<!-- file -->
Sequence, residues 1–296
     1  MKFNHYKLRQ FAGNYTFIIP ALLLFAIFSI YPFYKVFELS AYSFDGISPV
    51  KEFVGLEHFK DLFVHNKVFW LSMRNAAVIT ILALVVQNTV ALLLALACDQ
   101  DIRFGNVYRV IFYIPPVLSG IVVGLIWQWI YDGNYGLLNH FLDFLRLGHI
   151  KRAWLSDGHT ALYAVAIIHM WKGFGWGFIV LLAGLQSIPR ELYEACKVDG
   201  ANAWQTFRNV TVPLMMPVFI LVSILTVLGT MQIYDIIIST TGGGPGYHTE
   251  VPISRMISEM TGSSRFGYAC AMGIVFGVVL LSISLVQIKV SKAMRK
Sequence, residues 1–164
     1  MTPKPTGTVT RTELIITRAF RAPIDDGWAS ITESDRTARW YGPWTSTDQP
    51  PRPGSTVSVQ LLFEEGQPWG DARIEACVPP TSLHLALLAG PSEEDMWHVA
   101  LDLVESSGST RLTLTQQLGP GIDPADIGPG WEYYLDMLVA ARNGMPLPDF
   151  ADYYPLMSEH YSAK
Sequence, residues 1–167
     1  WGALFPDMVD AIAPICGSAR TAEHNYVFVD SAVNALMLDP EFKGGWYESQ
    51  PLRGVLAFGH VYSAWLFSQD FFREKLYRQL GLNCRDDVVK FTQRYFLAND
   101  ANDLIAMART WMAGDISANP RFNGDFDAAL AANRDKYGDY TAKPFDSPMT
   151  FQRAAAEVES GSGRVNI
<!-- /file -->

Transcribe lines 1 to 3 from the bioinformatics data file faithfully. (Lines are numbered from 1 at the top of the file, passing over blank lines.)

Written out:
Sequence, residues 1–296
     1  MKFNHYKLRQ FAGNYTFIIP ALLLFAIFSI YPFYKVFELS AYSFDGISPV
    51  KEFVGLEHFK DLFVHNKVFW LSMRNAAVIT ILALVVQNTV ALLLALACDQ